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Before You Pass Judgment… By Abimbola Abatta



“Do not judge others, and you will not be judged. Do not condemn others, or it will all come back against you. Forgive others, and you will be forgiven.” (Luke 6:37 NLT)

I used to be very judgmental. I would crucify people in my heart, claiming that I am better than they are. I thought I was a “saint”, but I wasn’t!

So I asked myself: why do we condemn and judge people when we are not better than they are? Is there a philosophy or theory behind it?

In my own view, I think it’s because we have been conditioned by certain beliefs, customs, or opinions to look down on people. I have tried my best to consciously desist from that. But at times, even if I don’t show it or say it, my heart condemns people. Although whenever I do that, I always dismiss the thoughts with: “Abimbola, you are not a saint. Don’t judge people.”

Apart from that, we are naturally selfish. We have a particular notion of what people should look like and how they should behave. But if they defy that expectation, we condemn them. We crucify them and paint them with wonderful colours of denunciation.

Since when, for instance, does wearing cosmetics connote prostitution? How about single mothers whom some of us tag wayward? If a lady has a male friend, she’s tagged a “dog”. We use numerous words to describe people simply because they don’t conform to our own reality. Nowadays, if you are on dreadlocks, or you tint your hair, you may be labelled a “yahoo yahoo” or “bad child”.

If a lady is chubby, some will bring the news that she can’t “get” a husband. Who says you can’t get married at forty and have a child at forty? You call your fellow human a witch because she has been barren for years. Is she the giver of children? Your mate from secondary school has not stepped up his academic qualifications, and you call him “unserious”. Do you know his many struggles?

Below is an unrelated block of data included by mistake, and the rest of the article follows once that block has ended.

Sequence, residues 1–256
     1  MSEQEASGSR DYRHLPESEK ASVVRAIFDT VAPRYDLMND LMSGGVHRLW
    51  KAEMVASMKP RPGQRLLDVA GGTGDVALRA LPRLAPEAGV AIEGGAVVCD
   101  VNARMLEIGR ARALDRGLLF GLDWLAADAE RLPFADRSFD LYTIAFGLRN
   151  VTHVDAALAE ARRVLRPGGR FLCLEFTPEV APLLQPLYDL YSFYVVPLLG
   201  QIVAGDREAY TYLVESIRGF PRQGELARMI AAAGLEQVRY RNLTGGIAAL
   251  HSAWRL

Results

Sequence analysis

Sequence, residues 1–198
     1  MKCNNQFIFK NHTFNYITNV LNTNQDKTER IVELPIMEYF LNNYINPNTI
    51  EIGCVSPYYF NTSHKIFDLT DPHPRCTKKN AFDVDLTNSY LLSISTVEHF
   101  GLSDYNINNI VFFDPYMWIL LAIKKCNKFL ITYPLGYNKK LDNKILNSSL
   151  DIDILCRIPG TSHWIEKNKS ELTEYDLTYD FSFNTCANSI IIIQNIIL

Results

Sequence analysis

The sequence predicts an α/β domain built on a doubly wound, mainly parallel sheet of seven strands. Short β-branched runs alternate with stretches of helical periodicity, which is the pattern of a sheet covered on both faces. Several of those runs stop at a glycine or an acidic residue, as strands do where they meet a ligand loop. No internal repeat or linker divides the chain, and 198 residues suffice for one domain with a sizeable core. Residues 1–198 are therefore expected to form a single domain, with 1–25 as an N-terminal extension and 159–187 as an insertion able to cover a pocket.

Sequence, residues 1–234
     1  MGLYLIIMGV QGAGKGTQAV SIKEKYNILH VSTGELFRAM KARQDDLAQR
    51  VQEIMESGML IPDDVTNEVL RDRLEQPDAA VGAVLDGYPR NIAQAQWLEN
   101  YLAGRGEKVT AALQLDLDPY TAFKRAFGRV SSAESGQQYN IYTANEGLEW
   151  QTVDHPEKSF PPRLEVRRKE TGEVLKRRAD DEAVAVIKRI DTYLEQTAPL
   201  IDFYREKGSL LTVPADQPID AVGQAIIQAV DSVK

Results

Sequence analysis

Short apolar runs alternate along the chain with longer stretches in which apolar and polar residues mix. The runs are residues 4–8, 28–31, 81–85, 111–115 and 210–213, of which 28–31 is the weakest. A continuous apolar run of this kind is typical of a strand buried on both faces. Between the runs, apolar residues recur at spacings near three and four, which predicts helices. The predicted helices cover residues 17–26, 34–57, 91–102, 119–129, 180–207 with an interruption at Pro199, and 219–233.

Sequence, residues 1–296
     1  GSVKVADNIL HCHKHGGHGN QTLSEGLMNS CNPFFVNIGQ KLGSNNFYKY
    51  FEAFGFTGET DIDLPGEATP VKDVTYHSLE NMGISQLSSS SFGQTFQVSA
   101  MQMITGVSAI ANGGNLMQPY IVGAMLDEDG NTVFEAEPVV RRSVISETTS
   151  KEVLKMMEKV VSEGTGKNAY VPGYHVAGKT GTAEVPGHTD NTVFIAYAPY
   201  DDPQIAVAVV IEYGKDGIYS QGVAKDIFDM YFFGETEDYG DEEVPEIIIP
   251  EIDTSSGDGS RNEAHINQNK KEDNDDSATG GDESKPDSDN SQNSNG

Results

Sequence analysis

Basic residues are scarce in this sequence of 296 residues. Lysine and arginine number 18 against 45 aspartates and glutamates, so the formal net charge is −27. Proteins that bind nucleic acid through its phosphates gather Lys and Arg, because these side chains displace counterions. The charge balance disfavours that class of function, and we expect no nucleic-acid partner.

In the words of my very good friend, Chizi Daniels, “We pass judgements because people fail to fit in the box we want them. We expect them to conform to our own mental belief. We want them to act in a certain way, especially our way of thinking. But we need a level of reservations on certain matters.”

Take a look at the last sentence: we all need a level of reservations on certain matters. You don’t have to pass comments on every one. Your opinion is not always essential. At times, it is best to keep your thoughts to yourself. I am not insensitive to the fact that only a few can pass this test, but we can consciously desist from condemning people.

Before you pass judgements, ask this question: “Am I perfect?” If you are one hundred percent perfect, great! Go ahead and enjoy your role as a self-assigned judge.

There is a particular biblical story that always fascinates me. The Pharisees brought an adulterous woman to Jesus, expecting Jesus to condemn her to death by stone immediately. However, Jesus shocked them to silence. He said, “Let anyone of you who is without sin be the first to throw a stone at her.” See shocker! I imagined how embarrassed the accusers must have felt. Their guilty conscience haunted them, and they dared not lay a finger of condemnation.

Now, this is not a license to continue to grope in sin. Jesus commanded the adulterous woman to relinquish her sinful life. The lesson here is this: don’t judge people. Before you crucify people because of their flaws, have you checked yours? Many of us have our foibles staring at us, yet we act as if we’ve got none.

I remember when I used to tag some people “ugly”. Looking back at that period, I realised how silly it was. How can I “uglify” what God has declared wonderful? Before you pass judgment on people, think about the effect of your words and actions. One word, look, or gesture of condemnation can send the target into the realm of depression and cessation.

As you have witnessed the first day of the elegant ember month, remember to bake your thoughts and words in the oven of genuine love.

© Abimbola F. Abatta

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